By John P. Anderson / John P. Anderson Blog
Plaza de Panama is the central plaza in Balboa Park and for many years was devoted to automobile parking. In June 2013 reviled former Mayor Bob Filner led a push that removed the parking spots from the Plaza de Panama and created a public space for strolling, sitting, and enjoying the surrounding museums and sunshine.
Here’s a photo of what the plaza looked like as a parking lot.
Below is what the plaza looks like now, less than three years later. Today our family had a small picnic lunch on the plaza and there were people everywhere – a newlywed couple taking photos on the steps of the Museum of Art, small children riding bikes and scooters, people of all ages sitting or taking photos. In short, it felt like an authentic plaza: “a public square, marketplace, or similar open space in a built-up area“.
While a lack of parking at Balboa Park continues to be a prominent point of public discussion and debate the Plaza de Panama proves that empty parking spaces do not a great space make – no one was hanging out at the parking lot it formerly was, other than the valets for The Prado restaurant. People enjoying life and each other are what make a plaza great and if you visit Balboa Park today you’ll find such a place at its heart.
The removal of the parking lot was the start of this new public life, but there have been many other elements that have contributed to the engaging place it is today. Below are a few and it’s encouraging to see a range of different players contributing – I look forward to see what other improvements lie ahead.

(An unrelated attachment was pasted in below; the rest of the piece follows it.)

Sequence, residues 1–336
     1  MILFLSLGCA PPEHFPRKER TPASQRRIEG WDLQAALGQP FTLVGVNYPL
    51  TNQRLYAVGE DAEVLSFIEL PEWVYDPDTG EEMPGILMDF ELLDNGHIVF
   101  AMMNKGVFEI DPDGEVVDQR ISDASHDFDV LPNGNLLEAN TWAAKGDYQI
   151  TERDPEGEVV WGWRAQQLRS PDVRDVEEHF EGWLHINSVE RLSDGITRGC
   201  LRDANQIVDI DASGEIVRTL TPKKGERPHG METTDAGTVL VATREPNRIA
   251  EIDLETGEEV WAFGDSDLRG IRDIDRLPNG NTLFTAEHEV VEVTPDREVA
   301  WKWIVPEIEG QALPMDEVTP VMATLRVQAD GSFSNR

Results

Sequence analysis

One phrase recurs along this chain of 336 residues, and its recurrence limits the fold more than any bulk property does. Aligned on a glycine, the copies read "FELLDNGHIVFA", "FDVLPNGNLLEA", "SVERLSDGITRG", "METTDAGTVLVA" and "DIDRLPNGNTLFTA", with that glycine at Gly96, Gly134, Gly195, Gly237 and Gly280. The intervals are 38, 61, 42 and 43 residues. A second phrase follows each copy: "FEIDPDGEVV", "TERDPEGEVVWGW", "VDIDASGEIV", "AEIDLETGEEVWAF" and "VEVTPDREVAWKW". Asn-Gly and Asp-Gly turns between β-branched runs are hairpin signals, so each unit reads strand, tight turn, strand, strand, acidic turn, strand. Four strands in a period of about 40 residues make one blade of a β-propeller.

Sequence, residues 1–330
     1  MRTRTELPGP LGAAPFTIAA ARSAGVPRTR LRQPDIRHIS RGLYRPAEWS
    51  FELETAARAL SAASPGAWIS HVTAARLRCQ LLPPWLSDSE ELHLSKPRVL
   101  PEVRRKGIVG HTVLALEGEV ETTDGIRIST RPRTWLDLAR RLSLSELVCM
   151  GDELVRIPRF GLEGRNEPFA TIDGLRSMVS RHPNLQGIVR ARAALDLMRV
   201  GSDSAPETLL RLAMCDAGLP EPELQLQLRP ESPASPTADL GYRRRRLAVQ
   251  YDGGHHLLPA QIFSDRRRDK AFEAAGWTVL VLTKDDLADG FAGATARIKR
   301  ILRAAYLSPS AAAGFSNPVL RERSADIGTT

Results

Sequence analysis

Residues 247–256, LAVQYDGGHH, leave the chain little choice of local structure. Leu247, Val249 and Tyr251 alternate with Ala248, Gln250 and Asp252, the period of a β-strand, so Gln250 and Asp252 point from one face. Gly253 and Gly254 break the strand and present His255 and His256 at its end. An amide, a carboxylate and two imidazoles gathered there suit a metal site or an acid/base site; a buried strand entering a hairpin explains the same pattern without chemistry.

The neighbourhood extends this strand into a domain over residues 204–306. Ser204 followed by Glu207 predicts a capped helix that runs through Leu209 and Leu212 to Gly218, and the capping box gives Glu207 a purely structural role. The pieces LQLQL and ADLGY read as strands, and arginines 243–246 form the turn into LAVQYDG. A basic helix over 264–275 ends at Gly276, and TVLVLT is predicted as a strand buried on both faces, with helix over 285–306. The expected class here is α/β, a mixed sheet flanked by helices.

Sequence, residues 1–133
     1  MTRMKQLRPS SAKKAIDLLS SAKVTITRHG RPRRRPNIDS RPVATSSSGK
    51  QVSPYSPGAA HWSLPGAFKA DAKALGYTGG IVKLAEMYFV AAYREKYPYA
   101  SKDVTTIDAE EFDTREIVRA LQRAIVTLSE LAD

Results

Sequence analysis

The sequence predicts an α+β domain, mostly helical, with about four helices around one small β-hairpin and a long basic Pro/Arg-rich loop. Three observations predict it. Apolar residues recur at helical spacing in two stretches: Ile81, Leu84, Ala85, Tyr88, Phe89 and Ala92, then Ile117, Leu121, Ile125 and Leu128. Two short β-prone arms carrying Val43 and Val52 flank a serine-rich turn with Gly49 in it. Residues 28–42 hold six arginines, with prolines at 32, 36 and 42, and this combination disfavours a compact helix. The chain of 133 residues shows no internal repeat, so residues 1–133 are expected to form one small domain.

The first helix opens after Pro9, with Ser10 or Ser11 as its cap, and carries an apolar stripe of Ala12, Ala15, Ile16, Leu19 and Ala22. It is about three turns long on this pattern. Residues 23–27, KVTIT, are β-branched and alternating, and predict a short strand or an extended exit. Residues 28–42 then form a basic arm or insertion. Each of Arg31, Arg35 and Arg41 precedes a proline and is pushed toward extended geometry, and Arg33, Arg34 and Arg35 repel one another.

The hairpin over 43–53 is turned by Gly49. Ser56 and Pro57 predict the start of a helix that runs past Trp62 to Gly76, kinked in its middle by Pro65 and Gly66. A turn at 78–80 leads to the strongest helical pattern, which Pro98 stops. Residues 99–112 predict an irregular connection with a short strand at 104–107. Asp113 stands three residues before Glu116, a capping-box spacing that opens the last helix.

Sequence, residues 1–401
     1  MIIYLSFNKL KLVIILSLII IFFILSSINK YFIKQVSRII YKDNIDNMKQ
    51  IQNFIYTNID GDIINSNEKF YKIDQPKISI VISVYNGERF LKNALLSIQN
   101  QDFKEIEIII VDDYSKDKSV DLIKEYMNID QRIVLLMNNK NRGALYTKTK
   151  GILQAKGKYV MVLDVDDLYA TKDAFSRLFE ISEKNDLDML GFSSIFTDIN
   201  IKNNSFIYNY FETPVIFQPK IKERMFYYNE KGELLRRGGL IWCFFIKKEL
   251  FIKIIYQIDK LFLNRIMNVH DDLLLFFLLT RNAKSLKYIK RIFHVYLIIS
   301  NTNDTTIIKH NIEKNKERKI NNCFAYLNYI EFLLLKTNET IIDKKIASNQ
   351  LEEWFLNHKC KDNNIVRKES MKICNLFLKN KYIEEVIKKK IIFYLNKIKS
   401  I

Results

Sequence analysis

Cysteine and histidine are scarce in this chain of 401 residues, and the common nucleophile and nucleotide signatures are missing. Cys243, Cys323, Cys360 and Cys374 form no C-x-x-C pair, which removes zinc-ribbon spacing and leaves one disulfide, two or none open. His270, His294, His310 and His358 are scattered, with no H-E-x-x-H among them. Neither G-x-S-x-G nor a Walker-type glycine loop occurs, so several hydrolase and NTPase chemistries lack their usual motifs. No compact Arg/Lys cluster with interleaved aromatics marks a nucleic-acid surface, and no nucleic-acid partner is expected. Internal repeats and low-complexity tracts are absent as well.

- The Balboa Park Explorer Pass – This pass grants access to the museums and cultural institutions in the museum campus area of Balboa Park. Our family has had the annual pass ($229) since the inception of this program. It is fantastic and has us visiting the park more frequently and a wider variety of museums than we previously had. A great idea to increase the amount of visitors coming to the museum campus.
- Trees and tables – After the parking was first removed the plaza felt empty – it’s a big expanse and needed to be populated to make it more inviting. The addition of a variety of chairs, tables, umbrellas, planter boxes, and other items have made it a pleasant and comfortable place to sit and people watch.
- Panama 66 Restaurant – The owners of local favorites Blind Lady Ale House and Tiger!Tiger! Tavern now operate a full service restaurant adjacent to the Plaza de Panama (and technically part of the Museum of Art). This is a photo from March 13, 2016 at 11 AM – the line out the door says all that is needed about the popularity of the venue. The restaurant includes a sculpture garden area and sitting on the grass in the evening while the California Tower is aglow is a newly classic San Diego experience. [Caution: check schedules for sometimes irregular hours.]
- Art of the Open Air – The newest addition to the Plaza de Panama is a series of sculptures set up around the plaza. In the central seating area there are information cards about the works including pieces by Rodin and Miro. A great addition and fitting complement to the Museum of Art which stands on the Plaza de Panama.
- Improvements for walking and biking – Improved crosswalk markings and Balboa Park themed bicycle racks in prominent locations have made it more convenient to visit the park without a car. Hopefully in future we will see the Laurel Street bridge closed to automobile traffic and made into a full-time pedestrian promenade.
Thank you to the many people that are working to enhance Balboa Park and the experience of visiting for locals and tourists alike. The Plaza de Panama shows that even on a short time frame big changes can be made through thoughtful, low-cost projects that put people first. Cheers!